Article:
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Please-all plane purchase programme

New Delhi, Feb. 7: The Indian government has decided to split its total aircraft purchase order of 79 aircraft for its two national carriers and VIP squadron between Airbus and Boeing.

Prime Minister Atal Bihari Vajpayee will indicate to French Prime Minister Jean Pierre Raffarin that the Indian Airlines order of 43 medium range passenger jets will go to Airbus, the European aircraft manufacturing conglomerate, provided the final prices are right.

IA wants to buy a mix of Airbus-319s, Airbus-320s and Airbus-321s at a cost of over Rs 10,000 crore. These aircraft are to be delivered over four years between 2004 and 2008. Vajpayee will, however, indicate that the bulk of the order for long-range jets being bought by Air-India will go to Airbus’ arch rival Boeing.

The US-based aircraft maker will also build six high security jets for the VIP squadron which will be used by the President, Vice-President, Prime Minister and his deputy, besides visiting heads of state. This means 10 long range Boeing 777-ERs can be expected to be picked up by Air-India. Orders for 18 short-range aircraft for A-I are, however, likely to be split between Boeing 737-900s and Airbus 321s.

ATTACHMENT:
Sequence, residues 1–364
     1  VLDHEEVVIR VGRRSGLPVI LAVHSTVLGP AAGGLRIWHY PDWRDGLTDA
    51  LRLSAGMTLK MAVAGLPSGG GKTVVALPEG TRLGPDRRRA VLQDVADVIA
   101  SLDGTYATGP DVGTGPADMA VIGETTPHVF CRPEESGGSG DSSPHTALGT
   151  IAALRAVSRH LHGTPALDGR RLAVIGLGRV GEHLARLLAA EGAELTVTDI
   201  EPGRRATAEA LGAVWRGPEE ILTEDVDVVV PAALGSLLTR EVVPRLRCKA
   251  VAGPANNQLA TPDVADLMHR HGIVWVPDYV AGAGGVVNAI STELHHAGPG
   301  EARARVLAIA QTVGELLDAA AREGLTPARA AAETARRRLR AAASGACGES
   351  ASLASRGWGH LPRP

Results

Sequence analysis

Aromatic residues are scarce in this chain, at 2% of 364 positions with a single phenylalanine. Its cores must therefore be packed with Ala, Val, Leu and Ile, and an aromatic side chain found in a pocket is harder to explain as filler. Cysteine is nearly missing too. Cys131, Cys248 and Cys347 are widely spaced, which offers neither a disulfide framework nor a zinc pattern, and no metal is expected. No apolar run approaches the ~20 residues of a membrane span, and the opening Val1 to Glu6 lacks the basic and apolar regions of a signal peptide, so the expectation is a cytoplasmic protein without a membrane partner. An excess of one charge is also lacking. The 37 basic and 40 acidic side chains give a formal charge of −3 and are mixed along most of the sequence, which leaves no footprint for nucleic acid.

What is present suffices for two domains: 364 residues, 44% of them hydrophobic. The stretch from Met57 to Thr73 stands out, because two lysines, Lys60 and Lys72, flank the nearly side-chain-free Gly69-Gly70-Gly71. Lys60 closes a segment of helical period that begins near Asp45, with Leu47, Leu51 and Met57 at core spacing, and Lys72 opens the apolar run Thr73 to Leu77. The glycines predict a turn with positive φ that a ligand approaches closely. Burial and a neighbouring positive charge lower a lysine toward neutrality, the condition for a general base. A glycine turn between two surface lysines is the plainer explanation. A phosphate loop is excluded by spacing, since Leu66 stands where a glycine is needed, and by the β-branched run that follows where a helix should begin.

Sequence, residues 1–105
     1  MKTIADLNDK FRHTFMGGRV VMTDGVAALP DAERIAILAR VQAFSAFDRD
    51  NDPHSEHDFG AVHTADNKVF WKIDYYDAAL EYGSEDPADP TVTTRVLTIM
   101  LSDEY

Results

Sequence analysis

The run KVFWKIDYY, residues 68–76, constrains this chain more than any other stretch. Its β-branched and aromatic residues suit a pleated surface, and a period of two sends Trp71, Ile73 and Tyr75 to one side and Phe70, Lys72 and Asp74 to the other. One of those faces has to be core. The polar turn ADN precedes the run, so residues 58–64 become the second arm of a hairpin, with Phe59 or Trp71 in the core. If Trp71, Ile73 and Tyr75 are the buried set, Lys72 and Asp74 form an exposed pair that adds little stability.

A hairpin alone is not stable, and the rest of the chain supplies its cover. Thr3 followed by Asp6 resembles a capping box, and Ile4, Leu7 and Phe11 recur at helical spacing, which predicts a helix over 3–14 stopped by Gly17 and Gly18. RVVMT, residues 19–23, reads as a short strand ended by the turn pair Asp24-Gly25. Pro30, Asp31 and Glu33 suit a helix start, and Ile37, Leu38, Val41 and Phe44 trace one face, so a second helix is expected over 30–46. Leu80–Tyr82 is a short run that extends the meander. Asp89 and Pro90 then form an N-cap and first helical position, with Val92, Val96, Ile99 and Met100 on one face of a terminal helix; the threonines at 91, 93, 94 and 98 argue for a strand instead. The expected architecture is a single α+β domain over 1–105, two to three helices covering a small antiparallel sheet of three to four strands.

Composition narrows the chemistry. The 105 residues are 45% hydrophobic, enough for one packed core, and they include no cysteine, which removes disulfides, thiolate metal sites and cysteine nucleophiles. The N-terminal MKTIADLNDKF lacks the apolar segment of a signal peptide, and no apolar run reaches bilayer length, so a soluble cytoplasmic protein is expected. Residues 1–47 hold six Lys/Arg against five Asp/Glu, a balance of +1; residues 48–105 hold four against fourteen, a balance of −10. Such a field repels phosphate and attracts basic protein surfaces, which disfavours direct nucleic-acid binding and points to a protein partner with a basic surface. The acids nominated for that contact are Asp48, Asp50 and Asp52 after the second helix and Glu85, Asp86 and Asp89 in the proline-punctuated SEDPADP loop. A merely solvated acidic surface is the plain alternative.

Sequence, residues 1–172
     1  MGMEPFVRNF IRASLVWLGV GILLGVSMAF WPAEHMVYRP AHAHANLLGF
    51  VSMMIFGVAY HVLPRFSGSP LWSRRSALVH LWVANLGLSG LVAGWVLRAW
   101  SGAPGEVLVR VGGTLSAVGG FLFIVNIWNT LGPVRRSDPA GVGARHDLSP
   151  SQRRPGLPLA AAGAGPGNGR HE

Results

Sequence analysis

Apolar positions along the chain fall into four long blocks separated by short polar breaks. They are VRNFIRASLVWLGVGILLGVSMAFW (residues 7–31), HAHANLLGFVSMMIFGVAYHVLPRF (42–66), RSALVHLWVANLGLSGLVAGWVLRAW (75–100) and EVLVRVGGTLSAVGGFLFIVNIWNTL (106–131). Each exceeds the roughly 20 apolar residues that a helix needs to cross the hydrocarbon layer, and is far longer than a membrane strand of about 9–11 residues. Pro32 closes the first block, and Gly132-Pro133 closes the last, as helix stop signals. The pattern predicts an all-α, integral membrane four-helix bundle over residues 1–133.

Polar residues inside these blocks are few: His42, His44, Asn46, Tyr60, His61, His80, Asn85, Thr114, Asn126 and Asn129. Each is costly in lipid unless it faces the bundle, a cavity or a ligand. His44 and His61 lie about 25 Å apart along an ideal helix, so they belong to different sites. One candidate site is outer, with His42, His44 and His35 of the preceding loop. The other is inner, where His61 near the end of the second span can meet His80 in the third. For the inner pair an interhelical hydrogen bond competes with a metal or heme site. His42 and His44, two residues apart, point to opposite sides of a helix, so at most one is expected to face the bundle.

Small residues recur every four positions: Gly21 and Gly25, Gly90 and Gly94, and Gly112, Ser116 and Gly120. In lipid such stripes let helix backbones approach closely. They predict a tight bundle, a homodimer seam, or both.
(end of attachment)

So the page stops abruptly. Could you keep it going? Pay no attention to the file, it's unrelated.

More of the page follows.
Although these decisions are yet to be ratified by the Cabinet and there are grumblings within the finance ministry on the issue, the Prime Minister’s Office has let the civil aviation ministry know that it feels this would be the best way to keep both the US government, on the one hand, and the French, British and German governments who are partners in the Airbus project happy.

The US government has also been aggressively lobbying for the Boeing Corporation with the likes of Secretary of State Colin Powell throwing his weight behind the aircraft giant’s bids.

However, a final decision by the Cabinet will come only after a meeting of the Cabinet Committee on Disinvestment has formally turned down an earlier recommendation to sell off these airlines.

Civil aviation minister Shahnawaz Hussain does not feel that the time is ripe to privatise the airlines given the current state of the aviation economy where most potential buyers — global airlines — are themselves reeling under financial crises and would in all probability not be interested in fresh investments abroad. This feeling seems to have been shared by the disinvestment ministry in the recent past.

Meanwhile, at Bangalore, Airbus’ senior vice-president Dinesh Keskar said, “We are willing to work with Indian Airlines and offer price reduction.”

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